Chelsea F.C. is ready to follow through on a threat made earlier this year to send anti-Semitic supporters to visit Nazi extermination camp Auschwitz instead of banning them from the club.
Players and the club’s support staff will also be part of the plan.
The long-term initiative began on 31 January at Chelsea’s Premier League game against Bournemouth and forms part of what the club describes as “on-going inclusion work”, through the Chelsea Foundation’s Building Bridges campaign. The initiative is supported by the club’s Jewish owner, Roman Abramovich.
Chelsea Chairman Bruce Buck told the Sun newspaper: “If you just ban people, you will never change their behaviour. This policy gives them the chance to realise what they have done, to make them want to behave better.
“In the past we would take them from the crowd and ban them, for up to three years. Now we say: ‘You did something wrong. You have the option. We can ban you or you can spend some time with our diversity officers, understanding what you did wrong.’”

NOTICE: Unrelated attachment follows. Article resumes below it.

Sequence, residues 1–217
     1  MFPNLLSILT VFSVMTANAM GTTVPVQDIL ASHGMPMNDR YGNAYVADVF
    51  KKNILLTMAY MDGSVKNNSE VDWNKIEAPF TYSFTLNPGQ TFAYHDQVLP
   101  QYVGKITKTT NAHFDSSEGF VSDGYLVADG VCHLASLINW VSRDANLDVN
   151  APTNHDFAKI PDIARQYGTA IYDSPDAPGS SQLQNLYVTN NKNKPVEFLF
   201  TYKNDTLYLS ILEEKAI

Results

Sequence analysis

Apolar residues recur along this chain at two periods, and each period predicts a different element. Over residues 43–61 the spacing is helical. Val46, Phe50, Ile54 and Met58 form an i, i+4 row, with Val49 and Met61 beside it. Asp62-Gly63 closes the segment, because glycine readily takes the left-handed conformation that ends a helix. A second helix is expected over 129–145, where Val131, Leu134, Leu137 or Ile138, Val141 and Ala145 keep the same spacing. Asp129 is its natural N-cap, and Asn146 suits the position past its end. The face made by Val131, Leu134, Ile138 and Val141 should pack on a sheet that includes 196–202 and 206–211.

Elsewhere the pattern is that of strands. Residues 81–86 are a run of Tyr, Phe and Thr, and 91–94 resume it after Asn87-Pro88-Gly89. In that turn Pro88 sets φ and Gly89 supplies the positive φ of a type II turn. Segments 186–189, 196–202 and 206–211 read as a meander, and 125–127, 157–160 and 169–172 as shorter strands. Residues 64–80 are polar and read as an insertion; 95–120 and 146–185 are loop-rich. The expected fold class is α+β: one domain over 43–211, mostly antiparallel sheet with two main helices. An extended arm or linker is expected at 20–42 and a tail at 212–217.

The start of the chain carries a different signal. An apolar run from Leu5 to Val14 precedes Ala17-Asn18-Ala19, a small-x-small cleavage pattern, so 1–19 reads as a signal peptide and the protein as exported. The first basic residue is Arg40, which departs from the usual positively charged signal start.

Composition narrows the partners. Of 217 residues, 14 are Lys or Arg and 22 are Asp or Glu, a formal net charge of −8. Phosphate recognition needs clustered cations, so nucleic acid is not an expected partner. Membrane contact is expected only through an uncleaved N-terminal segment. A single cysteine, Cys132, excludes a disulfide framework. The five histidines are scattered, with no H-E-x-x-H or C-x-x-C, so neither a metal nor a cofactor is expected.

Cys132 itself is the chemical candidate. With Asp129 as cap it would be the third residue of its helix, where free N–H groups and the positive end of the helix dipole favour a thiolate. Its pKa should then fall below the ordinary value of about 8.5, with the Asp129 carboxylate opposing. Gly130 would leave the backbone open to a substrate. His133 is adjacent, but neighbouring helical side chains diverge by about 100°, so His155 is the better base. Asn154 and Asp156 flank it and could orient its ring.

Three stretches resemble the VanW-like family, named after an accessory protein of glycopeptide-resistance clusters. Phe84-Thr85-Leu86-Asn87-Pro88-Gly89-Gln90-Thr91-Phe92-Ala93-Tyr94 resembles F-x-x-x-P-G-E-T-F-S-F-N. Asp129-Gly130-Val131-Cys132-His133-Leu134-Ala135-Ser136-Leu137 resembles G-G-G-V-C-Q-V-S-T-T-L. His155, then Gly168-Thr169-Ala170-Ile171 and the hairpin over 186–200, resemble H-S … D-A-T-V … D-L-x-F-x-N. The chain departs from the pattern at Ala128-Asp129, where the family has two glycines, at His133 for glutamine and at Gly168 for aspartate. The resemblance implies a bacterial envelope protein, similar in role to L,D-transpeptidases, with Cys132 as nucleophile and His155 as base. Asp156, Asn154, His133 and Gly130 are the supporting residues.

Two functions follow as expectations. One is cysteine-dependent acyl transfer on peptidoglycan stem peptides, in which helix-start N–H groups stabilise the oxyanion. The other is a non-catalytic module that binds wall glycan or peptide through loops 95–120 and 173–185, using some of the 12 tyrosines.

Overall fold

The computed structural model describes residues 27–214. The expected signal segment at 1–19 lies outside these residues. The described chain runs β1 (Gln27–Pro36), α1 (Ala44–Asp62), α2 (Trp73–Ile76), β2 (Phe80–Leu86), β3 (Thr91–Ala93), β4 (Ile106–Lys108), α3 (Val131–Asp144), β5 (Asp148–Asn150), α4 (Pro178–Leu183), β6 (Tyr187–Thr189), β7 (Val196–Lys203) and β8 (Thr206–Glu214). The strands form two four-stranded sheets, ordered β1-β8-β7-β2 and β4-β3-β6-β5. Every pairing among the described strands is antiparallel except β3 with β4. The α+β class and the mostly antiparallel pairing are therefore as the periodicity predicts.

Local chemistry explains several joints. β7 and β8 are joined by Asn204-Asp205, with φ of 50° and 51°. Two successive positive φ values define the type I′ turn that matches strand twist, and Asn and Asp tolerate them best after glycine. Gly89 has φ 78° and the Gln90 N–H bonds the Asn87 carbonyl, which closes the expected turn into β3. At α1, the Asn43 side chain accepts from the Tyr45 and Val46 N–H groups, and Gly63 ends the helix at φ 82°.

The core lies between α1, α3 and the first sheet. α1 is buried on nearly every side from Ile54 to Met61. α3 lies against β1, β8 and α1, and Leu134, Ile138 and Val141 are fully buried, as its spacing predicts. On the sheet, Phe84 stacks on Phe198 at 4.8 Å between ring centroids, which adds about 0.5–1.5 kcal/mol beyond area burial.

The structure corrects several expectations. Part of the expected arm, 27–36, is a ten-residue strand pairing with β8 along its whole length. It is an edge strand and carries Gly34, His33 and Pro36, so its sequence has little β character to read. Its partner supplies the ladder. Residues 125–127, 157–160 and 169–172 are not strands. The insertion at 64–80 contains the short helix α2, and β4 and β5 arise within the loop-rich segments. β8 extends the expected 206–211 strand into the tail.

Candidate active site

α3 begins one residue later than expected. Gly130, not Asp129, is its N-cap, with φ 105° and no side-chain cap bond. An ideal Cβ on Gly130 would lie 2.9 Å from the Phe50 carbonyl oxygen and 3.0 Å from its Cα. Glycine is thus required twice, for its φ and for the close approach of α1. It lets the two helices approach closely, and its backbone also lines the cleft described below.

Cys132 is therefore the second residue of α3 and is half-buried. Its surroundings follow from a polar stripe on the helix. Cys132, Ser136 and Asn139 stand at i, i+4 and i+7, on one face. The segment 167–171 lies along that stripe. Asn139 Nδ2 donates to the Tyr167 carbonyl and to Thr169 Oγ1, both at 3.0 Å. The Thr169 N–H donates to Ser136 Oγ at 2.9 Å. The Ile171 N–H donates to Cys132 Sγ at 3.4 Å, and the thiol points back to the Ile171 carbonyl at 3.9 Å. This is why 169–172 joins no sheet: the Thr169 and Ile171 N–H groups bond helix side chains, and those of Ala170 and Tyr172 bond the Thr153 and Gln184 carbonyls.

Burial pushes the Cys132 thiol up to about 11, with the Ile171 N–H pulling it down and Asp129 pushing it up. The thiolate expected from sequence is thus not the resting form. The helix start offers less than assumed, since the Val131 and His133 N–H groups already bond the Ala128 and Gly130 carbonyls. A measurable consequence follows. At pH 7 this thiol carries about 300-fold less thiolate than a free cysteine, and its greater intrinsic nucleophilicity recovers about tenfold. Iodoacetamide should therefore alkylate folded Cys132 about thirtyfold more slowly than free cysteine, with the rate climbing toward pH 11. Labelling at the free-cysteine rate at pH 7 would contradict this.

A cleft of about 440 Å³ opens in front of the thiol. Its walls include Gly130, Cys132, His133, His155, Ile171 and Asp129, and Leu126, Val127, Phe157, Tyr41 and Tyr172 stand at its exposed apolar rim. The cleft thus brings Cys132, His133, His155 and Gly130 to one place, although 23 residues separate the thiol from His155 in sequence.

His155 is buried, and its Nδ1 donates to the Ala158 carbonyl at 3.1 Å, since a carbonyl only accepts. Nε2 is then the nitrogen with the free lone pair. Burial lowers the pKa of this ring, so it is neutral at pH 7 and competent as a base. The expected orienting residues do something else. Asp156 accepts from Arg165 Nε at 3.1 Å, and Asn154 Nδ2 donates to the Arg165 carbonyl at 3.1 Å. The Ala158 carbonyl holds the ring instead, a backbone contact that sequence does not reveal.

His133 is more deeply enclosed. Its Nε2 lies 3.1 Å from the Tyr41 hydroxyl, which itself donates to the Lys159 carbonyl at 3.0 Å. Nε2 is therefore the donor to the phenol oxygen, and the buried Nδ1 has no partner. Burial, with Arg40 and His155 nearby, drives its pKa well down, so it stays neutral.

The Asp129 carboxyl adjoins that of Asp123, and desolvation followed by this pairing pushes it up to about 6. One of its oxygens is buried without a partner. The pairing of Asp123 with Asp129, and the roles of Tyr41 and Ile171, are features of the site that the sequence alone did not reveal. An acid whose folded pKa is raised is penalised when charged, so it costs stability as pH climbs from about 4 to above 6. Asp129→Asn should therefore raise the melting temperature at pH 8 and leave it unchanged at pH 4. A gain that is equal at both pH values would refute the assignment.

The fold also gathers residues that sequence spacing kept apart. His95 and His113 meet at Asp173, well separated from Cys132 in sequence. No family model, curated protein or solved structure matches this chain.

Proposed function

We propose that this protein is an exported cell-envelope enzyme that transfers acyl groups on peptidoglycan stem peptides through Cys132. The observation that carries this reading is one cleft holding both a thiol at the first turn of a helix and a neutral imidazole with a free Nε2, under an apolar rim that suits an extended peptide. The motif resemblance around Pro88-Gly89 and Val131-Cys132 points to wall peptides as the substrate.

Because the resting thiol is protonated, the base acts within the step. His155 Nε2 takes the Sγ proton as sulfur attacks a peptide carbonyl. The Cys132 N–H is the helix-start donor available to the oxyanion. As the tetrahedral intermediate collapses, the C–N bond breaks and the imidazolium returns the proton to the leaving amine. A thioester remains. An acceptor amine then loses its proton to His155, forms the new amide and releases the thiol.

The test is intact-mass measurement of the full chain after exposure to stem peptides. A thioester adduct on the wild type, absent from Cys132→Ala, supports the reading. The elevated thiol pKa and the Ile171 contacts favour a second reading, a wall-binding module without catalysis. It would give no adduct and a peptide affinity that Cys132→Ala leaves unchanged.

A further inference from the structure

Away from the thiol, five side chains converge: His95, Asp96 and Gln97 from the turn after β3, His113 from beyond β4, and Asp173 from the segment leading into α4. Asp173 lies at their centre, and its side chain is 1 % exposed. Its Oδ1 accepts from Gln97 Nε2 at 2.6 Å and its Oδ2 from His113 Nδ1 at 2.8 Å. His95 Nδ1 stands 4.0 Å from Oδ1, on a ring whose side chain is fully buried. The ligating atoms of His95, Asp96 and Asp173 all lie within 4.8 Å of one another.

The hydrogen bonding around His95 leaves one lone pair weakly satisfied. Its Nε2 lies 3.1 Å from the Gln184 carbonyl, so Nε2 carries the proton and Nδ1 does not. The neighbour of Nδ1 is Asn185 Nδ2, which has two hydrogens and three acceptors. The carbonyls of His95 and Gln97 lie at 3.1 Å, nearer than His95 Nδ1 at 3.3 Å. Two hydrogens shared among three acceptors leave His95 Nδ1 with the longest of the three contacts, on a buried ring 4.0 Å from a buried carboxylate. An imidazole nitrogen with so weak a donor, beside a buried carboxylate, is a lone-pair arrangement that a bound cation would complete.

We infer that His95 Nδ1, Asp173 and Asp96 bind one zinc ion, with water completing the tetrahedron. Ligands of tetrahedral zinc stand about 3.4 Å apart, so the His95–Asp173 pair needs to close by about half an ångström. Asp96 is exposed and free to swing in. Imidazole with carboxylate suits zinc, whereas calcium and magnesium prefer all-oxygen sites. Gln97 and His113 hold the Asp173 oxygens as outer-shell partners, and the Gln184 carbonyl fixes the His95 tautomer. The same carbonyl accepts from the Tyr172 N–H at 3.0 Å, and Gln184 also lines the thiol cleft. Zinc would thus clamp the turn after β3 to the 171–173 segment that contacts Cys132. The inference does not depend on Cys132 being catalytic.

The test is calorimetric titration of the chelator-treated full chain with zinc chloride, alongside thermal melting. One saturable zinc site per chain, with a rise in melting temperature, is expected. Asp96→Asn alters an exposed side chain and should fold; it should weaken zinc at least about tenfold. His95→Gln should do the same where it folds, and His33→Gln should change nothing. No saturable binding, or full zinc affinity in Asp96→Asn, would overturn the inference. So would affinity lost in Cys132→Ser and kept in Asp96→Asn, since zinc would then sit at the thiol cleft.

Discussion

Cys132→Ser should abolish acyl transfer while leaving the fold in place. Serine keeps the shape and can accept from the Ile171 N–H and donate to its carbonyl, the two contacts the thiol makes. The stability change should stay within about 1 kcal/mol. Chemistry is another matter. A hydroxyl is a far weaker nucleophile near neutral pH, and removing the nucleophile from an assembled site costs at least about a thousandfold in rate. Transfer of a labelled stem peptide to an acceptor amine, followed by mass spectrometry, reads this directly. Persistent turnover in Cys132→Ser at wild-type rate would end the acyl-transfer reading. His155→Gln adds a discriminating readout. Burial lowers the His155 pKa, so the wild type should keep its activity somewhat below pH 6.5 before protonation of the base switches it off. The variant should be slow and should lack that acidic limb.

The football club criticised a number of its own fans for anti-Semitic chanting in 2017.
On that occasion, anti-Semitic chants by Chelsea F.C. fans during their win at Leicester had to be condemned by the club.
As Breitbart Jerusalem reported, on that occasion Blues supporters repeated a song about Alvaro Morata previously used to abuse London rivals Tottenham, who have a large Jewish fanbase.
“Alvaro, Alvaro. He comes from Madrid. He hates the f****** Yids,” sang Chelsea supporters at the King Power Stadium.
“The club and the players appreciate the fans’ passionate support away from home, of course,” Chelsea head of communications Steve Atkins said in that game’s aftermath. “But the language in that song is not acceptable at all.”
The club also took to Twitter to address the problem:
— Liam Twomey (@liam_twomey) September 9, 2017
In June an official trip of 150 fans plus club employees went to Poland to visit the Nazi death camp.
The World Jewish Congress, the Holocaust Education Trust and leading Jewish scholar Rabbi Barry Marcus have all backed the initiative.
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